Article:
Despite attempts to keep reality static, Time continues to conclude in Empires rise and fall through a normal process of evolution. I believe this is not a problem rather a feature of us people and the world. May we sometime evolve past this ever repeating pattern? Would this be a good ?

    I understand the man; he is much like me, except my plebeian status cares less to explanations of problems than reasoned actions needed to resolve them around life support. Perhaps that is why Namatianu took a sea voyage, to escape and survive.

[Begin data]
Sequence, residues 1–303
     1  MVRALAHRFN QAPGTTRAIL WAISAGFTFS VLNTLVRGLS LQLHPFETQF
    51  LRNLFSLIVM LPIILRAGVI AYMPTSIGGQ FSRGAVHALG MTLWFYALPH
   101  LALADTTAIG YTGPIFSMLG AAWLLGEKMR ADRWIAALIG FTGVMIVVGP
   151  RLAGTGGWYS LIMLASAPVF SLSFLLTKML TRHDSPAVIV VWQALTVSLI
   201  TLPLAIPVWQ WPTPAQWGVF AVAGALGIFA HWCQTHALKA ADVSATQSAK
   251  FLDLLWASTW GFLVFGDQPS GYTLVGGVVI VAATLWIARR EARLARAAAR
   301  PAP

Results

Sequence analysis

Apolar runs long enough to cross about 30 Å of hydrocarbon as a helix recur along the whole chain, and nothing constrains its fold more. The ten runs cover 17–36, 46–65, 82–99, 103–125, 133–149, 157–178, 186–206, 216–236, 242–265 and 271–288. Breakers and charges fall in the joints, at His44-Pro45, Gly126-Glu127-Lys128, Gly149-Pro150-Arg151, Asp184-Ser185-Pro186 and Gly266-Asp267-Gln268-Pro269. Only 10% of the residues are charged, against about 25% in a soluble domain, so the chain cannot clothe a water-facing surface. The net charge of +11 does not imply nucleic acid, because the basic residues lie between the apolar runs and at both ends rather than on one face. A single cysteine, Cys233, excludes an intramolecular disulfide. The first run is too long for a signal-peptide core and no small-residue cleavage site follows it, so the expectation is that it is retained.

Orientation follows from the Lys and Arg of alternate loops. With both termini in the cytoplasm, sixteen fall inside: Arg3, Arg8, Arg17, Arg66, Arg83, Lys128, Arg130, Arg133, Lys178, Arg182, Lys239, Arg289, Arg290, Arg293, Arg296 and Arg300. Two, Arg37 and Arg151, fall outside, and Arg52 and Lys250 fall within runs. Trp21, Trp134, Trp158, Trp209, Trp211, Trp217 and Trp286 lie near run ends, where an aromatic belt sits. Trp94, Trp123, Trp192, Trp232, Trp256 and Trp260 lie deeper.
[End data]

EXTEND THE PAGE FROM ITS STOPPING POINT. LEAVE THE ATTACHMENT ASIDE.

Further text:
I don’t know the values of his times. Maybe Namatiarnus did not see because he would be responsible for what he saw? Or was he blind because of a neurological problem where his vision was confined to delusions of desire?
    Perhaps the gods tricked him?

    No matter, I’m happy to find your writing and appreciate your time.
    Michael